I’ve never been a 450 guy. I ride them well, but to me they aren’t as fun to ride as other bikes and I tend to hit the ground hard on them.
I had bad luck with some silly issues on a 2010 KTM 250 SX that took a whole summer to figure out. I’ve never broken a shift shaft or had a power valve fall apart before this bike. The little crack in the shift shaft was hidden by the glide plate. A few people had a look and couldn’t see any issues. It was obvious what was causing the shifting issues when the shaft broke all the way. To top it off, it seemed every time I rode I was getting some part of the exhaust or silencer welded up.
I then bought a cheap, but like new 2006 YZ 250 off eBay that was impossible to get jetted correctly without race gas. Despite what I had read from reviews. A magic needle would not fix this bikes problems, it needed race gas and probably a re-cut head. Without race gas and a modified head these things pre-detonate like crazy. I was bullheaded and trusted what I read about the N3EW needle fixing this bikes jetting problems–this cost me a lot of money.
In mid 2011 I was sick of bike issues. I didn’t want a YZ 250 or a KTM 250 SX with the problems I had over the past year. I was looking at 450’s, even though I don’t love riding them, hoping to find some reliability. For me, 450’s tend to lead to big crashes. My dad talked me out of the 450 plan. I went with the obvious solution, a brand new KTM 350 SX-F.
My life with the 2011 KTM 350 SX-F started out great. The bike felt light even though it was actually heavy, turned and handled well, and was all around fun to ride. The bike felt comfortable almost instantly, which was pretty surprising since I had spent the previous two years on two strokes. After getting the suspension set-up for me and dialed in, I definitely had no complaints about the way this bike handled.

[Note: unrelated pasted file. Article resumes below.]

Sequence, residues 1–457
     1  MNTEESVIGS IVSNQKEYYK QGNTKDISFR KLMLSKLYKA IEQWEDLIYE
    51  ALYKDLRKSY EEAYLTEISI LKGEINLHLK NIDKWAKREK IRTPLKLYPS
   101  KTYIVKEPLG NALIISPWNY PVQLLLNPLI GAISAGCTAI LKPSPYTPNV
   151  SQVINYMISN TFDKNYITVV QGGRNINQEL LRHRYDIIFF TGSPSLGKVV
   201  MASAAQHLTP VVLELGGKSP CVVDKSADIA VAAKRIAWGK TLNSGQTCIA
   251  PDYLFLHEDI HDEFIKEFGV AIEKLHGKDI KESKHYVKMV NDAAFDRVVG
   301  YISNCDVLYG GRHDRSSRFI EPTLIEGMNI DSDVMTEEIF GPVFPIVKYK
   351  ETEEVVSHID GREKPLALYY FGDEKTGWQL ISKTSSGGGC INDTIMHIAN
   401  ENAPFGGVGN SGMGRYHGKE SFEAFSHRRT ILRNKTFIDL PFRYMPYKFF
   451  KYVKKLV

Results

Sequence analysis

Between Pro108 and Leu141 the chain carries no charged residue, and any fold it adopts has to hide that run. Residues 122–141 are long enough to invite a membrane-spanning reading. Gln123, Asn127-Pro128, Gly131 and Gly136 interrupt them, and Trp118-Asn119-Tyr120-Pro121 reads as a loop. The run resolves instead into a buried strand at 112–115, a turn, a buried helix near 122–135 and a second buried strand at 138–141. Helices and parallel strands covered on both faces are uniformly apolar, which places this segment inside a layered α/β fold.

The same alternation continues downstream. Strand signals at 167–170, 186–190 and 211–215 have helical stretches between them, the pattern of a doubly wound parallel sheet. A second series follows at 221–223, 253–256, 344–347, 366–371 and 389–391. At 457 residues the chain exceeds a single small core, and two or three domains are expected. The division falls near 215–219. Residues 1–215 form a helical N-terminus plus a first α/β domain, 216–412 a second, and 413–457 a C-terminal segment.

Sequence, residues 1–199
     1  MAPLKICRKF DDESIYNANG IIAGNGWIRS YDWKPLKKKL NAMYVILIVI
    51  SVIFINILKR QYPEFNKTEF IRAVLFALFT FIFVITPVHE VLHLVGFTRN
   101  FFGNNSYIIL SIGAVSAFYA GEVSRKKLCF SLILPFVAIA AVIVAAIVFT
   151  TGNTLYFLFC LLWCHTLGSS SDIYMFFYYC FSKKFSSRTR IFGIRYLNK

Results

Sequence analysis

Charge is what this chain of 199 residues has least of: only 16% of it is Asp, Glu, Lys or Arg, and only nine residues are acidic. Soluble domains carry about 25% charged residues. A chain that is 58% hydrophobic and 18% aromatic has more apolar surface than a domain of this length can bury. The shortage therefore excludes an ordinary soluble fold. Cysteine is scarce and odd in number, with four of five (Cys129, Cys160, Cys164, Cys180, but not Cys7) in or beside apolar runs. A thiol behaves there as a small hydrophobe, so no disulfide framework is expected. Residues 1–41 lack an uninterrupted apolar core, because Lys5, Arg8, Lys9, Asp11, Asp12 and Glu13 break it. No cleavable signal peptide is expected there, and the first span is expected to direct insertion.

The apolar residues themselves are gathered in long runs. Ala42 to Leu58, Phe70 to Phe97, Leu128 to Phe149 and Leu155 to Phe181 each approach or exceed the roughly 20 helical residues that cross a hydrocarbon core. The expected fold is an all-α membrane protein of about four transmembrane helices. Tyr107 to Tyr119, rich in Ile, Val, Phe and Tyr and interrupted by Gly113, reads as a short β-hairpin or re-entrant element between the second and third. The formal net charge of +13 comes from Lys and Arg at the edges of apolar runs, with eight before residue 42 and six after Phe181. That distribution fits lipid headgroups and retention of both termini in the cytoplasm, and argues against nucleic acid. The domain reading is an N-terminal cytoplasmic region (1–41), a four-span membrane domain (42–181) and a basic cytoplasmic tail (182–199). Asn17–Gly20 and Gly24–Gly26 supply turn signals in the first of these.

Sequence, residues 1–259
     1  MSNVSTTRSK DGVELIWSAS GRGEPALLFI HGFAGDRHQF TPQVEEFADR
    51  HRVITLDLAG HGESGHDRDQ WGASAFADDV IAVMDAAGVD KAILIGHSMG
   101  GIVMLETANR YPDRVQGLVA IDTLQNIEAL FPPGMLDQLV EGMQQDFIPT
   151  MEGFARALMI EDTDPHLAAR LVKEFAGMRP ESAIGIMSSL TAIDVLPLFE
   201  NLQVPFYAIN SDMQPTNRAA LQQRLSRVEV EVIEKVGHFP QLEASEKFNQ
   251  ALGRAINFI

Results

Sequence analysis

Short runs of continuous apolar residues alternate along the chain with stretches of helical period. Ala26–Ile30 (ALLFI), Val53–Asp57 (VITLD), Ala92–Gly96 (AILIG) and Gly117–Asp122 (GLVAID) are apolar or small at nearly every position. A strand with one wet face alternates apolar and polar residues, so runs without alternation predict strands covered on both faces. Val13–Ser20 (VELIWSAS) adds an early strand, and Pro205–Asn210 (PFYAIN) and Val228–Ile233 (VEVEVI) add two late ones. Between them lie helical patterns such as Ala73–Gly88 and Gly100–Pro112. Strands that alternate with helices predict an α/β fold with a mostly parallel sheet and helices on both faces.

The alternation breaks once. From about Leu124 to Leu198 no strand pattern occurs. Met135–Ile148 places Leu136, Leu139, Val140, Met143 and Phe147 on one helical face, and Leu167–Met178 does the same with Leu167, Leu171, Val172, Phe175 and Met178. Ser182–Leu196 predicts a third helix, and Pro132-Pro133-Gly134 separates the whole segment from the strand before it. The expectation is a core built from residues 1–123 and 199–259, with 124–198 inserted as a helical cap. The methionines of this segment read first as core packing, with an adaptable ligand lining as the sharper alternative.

It was obvious, especially at loamy tracks, that this bike was not the fastest way around the track for me (6’1″ 180 lbs is probably not the ideal 350 rider). It didn’t matter though, the bike was fun to ride and that’s what Motocross is supposed to be all about.
My love for the 2011 KTM 350 SX-F started to wain when the bearing recall was issued and took at least a month to get fixed. This was very stressful to me wanting to ride mid-summer. I bought this bike hoping to not have to deal with mechanical issues.
About a month after the bearing recall, the bike started having a really awesome, not scary problem. I was doing some riding at my house, was probably on the track for about 15 minutes, when the bike bogged and stalled. The bike would not restart. Assuming the bike was blown up I pushed it back to the barn and changed out of my gear. About 30 minutes after the bike had quit I decided “what the heck, may as well try to start it again”. It started.
The bike did this a repeatedly leading to a long process of no one knowing what was wrong with the bike. It took forever to get this figured out. Riding, not knowing if the bike was going to quit wasn’t very fun. Cleaning fuel filters, injectors, etc.. It took months to solve this problem. Eventually after a lot of research I found among the other things I already tried, people were having issues with the spark plug cap and the fuel pump. I decided to buy an OEM spark plug cap and a CA Cycleworks fuel pump $129.00.
The bike never did randomly stall on me again, but I had no confidence in it and never felt comfortable riding it after the random shutdown problem. The bike was sold at the beginning of 2012 and as far as I know the new owner has had no issues at all.
Below are the modifications I made to the bike, click to read more: